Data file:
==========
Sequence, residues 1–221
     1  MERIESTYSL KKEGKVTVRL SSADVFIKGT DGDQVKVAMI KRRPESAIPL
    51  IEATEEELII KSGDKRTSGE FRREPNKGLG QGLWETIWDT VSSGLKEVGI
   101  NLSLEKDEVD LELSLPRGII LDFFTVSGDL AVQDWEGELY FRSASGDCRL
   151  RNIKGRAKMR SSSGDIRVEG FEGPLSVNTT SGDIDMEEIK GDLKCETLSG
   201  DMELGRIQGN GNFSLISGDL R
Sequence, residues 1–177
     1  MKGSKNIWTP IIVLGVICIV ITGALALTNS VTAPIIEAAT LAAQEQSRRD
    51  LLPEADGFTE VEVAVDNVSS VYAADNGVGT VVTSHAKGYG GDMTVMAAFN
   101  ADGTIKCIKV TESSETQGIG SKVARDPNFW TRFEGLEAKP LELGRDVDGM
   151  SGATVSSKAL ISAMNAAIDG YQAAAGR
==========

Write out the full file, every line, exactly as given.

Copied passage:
Sequence, residues 1–221
     1  MERIESTYSL KKEGKVTVRL SSADVFIKGT DGDQVKVAMI KRRPESAIPL
    51  IEATEEELII KSGDKRTSGE FRREPNKGLG QGLWETIWDT VSSGLKEVGI
   101  NLSLEKDEVD LELSLPRGII LDFFTVSGDL AVQDWEGELY FRSASGDCRL
   151  RNIKGRAKMR SSSGDIRVEG FEGPLSVNTT SGDIDMEEIK GDLKCETLSG
   201  DMELGRIQGN GNFSLISGDL R
Sequence, residues 1–177
     1  MKGSKNIWTP IIVLGVICIV ITGALALTNS VTAPIIEAAT LAAQEQSRRD
    51  LLPEADGFTE VEVAVDNVSS VYAADNGVGT VVTSHAKGYG GDMTVMAAFN
   101  ADGTIKCIKV TESSETQGIG SKVARDPNFW TRFEGLEAKP LELGRDVDGM
   151  SGATVSSKAL ISAMNAAIDG YQAAAGR